The US Federal Trade Commission (FTC) recently voted to withdraw its approval of the Vertical Merger Guidelines (the 2020 VMGs), which, as we covered in the past, the FTC and Department of Justice (DOJ) issued over a year ago on June 30, 2020. The vote on September 15, 2021 to rescind the policy statement broke along party lines, with the three Democratic commissioners—Chair Lina Kahn and Commissioners Rohit Chopra and Rebecca Slaughter—outweighing their two Republican colleagues—Commissioners Noah Joshua Phillips and Christine S. Wilson.
According to the majority, the 2020 VMGs—while a “substantial improvement” from their predecessor 1984 Guidelines—contained “flawed discussion of the purported procompetitive benefits (i.e., efficiencies) of vertical mergers, especially its treatment of the elimination of double marginalization (EDM).” The majority criticized the 2020 VMGs for devoting a whole section to the discussion of procompetitive effects (or efficiencies) of vertical mergers. As a result, the repealed guidelines purportedly flouted the Clayton Act by permitting “efficient mergers” even if they may lessen competition. Of particular interest, the joint statement of Chair Kahn and Commissioners Chopra and Slaughter also notes that studies of mergers between “hospitals and physician groups” suggest that these vertical mergers in particular have not achieved EDM efficiencies. Instead, the majority states that these vertical consolidations have “increased physician costs, hospital prices, and per capita medical spending, with larger effects in more concentrated markets.”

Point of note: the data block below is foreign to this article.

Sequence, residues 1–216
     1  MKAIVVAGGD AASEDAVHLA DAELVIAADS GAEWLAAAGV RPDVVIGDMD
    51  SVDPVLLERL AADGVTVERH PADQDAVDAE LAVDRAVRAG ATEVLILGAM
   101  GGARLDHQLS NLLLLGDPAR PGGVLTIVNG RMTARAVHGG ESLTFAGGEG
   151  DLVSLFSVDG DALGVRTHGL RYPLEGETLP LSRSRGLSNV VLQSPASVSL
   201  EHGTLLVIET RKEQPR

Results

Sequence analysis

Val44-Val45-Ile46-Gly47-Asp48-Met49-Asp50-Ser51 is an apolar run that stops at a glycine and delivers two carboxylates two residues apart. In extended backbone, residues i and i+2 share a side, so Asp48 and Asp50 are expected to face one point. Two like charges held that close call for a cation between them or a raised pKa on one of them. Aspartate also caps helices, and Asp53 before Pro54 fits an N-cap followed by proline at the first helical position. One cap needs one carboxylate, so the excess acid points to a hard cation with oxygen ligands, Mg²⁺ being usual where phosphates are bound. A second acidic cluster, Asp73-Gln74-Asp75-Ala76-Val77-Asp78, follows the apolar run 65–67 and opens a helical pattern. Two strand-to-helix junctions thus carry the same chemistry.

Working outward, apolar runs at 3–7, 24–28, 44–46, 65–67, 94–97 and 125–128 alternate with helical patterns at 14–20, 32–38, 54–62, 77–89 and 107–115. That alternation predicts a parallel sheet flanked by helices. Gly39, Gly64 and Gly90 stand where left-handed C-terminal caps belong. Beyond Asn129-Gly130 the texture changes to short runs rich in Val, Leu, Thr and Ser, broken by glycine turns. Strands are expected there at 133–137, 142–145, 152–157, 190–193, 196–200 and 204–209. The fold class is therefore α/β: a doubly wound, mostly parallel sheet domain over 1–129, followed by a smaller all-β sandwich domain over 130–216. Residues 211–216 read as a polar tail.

In their dissent, Commissioners Wilson and Phillips described the FTC’s withdrawal as the latest step of a “disturbing trend of pulling the rug out under from honest businesses and the lawyers who advise them” that “threatens to chill legitimate merger activity and undermine attempts to rebuild our economy in the wake of the pandemic.”
This latest agency action comports with President Joseph Biden’s recent Executive Order on Promoting Competition in the American Economy urging the FTC and DOJ (the Agencies) to enforce the antitrust laws robustly and zealously—particularly with respect to proposed mergers in the healthcare industry—including by “reviewing and revising” the Agencies’ merger guidelines. It also injects uncertainty into the regulatory review of pending vertical combinations in the healthcare space, as the FTC has not issued replacement guidelines. Rather, until new guidance is issued, the FTC will “analyze mergers in accordance with its statutory mandate, which does not presume efficiencies for any category of mergers,” and not return to the “dead-letter of the 1984 Guidelines.” DOJ’s guidelines are also in an uncertain state; the agency announced on September 15, 2021 that it is “conducting a careful review” of its horizontal and vertical merger guidelines “to ensure they are appropriately skeptical of harmful mergers.” However, the 2020 VMGs will stay in place at DOJ—at least for now.